NASA Chief Health and Medical Officer James Polk shares lessons learned about the human element of spaceflight.
Editor’s Note: NASA’s Office of the Chief Engineer and the Human Exploration and Operations Mission Directorate sponsored the Human Spaceflight Knowledge Sharing Forum in November 2016. Select individuals responsible for shaping NASA’s future over the next 10 to 20 years focused on technical best practices and lessons learned from successful and unsuccessful human spaceflight missions. This is part of a series of articles recapping lessons learned and knowledge shared by these individuals at the pilot knowledge sharing event.
“The human system is the only system in engineering that you can’t take to failure,” said NASA Chief Health and Medical Officer James Polk, D.O., at NASA’s recent Human Spaceflight Knowledge Sharing Forum.
“I am horribly jealous of the folks in engineering who can take a part and stress it and break it, and take 50 parts and get little dots on a graph to figure out where that part breaks,” said Dr. Polk. “I can’t do that to [Astronaut] Kjell Lindgren. I can’t take him and see where he breaks or where he fails. It’s generally frowned upon to do that on a human system.”Dr. J.D. Polk
Photo Credit: NASA/Joel Kowsky
Polk spoke candidly about the tension between the medical and engineering communities when defining requirements for space missions. “You guys hate it when I say, ‘It depends,’ because you want a firm number or requirement. I’ve had engineers say, ‘It looks like this in the textbook.’ Well, that’s not what it looks like when you’re actually doing the surgery,” he said.
He addressed some of the differences between how doctors and engineers think. “You design your systems. We actually have to reverse engineer nature to understand the system,” said Polk. “You use quality-controlled components. There isn’t anything quality-controlled about the human body. You use established frameworks and employ physical laws, and we have to discover the concepts in qualitative relationships as we go.”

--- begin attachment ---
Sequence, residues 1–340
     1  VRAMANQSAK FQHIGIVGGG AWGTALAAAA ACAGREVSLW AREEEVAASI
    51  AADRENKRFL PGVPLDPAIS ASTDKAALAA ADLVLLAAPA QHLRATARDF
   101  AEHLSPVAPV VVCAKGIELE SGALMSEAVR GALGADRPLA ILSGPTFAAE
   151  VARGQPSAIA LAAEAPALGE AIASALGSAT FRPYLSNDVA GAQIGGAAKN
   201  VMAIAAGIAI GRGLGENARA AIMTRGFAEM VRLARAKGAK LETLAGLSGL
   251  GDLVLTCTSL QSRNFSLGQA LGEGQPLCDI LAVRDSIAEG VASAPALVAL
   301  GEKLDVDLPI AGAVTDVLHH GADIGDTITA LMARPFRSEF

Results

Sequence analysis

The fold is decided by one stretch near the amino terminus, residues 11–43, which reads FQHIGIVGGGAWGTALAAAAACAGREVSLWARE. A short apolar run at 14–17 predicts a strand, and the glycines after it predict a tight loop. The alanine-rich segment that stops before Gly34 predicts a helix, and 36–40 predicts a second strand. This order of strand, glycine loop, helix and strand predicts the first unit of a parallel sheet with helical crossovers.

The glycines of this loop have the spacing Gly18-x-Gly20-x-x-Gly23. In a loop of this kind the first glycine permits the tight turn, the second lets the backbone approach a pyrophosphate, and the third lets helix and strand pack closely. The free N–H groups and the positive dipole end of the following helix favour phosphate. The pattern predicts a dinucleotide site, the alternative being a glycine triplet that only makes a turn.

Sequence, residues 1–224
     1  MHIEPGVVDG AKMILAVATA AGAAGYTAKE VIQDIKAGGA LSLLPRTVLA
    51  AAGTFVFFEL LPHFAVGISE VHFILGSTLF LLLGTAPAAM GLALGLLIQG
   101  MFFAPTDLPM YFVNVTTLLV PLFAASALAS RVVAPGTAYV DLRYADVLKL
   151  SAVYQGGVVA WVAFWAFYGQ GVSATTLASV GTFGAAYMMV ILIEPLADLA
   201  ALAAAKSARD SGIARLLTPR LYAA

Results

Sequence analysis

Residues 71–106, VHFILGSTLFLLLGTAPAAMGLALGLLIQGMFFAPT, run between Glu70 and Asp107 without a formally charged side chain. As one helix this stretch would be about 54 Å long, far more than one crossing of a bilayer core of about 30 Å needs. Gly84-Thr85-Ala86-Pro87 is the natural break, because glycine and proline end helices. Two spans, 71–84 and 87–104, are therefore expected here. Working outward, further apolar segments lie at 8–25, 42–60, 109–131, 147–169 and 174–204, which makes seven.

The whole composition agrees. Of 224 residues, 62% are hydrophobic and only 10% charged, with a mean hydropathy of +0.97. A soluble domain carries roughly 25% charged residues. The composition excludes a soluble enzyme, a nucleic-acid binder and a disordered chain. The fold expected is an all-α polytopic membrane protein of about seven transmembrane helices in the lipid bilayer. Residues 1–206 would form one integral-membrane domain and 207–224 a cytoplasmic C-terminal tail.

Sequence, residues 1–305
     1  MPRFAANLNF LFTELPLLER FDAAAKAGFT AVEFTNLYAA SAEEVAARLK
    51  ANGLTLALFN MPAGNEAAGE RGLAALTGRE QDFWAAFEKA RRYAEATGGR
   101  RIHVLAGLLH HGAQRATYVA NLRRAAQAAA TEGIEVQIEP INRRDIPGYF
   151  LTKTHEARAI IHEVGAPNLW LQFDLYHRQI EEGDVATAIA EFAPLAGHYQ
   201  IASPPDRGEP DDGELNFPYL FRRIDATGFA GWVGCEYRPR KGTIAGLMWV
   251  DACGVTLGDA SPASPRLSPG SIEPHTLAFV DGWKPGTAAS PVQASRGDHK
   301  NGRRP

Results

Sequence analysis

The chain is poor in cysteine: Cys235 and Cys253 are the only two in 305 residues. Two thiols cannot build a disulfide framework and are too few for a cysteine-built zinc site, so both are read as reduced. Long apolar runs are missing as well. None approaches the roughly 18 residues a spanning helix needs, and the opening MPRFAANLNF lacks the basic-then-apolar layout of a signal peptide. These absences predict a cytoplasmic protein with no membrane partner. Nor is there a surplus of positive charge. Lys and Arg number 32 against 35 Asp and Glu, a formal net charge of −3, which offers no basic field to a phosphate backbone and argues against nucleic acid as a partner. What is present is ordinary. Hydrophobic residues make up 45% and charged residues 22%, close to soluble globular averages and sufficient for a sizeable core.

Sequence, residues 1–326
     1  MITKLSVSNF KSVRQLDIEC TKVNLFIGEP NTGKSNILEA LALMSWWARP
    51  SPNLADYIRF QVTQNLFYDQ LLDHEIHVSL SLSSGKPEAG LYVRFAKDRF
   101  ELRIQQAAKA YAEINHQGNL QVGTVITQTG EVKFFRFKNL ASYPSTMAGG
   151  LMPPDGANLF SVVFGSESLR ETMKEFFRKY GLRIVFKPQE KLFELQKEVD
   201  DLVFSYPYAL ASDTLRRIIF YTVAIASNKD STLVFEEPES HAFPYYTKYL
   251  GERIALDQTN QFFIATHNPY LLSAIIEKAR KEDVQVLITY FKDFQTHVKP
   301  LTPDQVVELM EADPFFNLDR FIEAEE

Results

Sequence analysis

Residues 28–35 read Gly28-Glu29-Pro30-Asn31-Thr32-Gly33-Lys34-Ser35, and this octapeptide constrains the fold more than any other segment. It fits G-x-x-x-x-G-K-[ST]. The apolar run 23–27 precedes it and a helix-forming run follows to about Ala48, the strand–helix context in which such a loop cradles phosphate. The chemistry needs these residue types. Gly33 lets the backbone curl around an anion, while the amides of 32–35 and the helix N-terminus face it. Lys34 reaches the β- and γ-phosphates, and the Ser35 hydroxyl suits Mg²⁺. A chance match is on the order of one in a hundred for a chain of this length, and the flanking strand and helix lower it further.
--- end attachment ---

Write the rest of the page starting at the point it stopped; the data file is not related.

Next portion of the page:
Polk’s passion and compassion came through as he recounted the unenviable responsibility of dealing with tragic loss of life when accidents occur. “In meetings, when folks start to talk about graphs and lines and loss of crew, we will purposely inject somebody’s name into the discussion just to make sure that folks realize what’s at risk here. I try to put a face on this,” he said. “At the end of the day, my job is to make sure the astronaut survives.”
Polk is responsible for the oversight of health and medical activities at NASA, including medical aspects of all national and international NASA missions involving humans. He led a forum session on “Human Factors/Human-Centered Design: What Did We Think and Do?” and shared his experiences and perspectives on human factors and medical lessons learned from decades of human spaceflight data and research.
The human body always tries to reach homeostasis, an equilibrium with its environment, which is hard in microgravity. Polk said a lot of medical lessons were learned through Mercury, Gemini, Apollo and the Space Shuttle Program, but the International Space Station (ISS) presented totally different physiologic challenges that occurred as a result of increased time in microgravity.
A new understanding of Visual Impairment and Intracranial Pressure (VIIP) is one of the biggest lessons learned through medical evaluation of ISS crew members. About 40 percent of the astronauts who spend a couple of months on ISS complain of vision change. Through 3 Tesla MRI and other diagnostic test results, Polk and his medical colleagues at NASA observed changes in the optic nerve that goes from the brain to the eye, and a flattening in the back of the eye along with choroidal folds — similar to wrinkled carpet — in the back of the retina. The medical doctors initially thought the problem was caused by fluid changes that occur on orbit, but then realized the vision problems sometimes linger several years after spaceflight. NASA has initiated clinical and research protocols to acquire and analyze data on all astronauts to define the exact origin of the potentially harmful vision changes and is seeking possible preventive measures.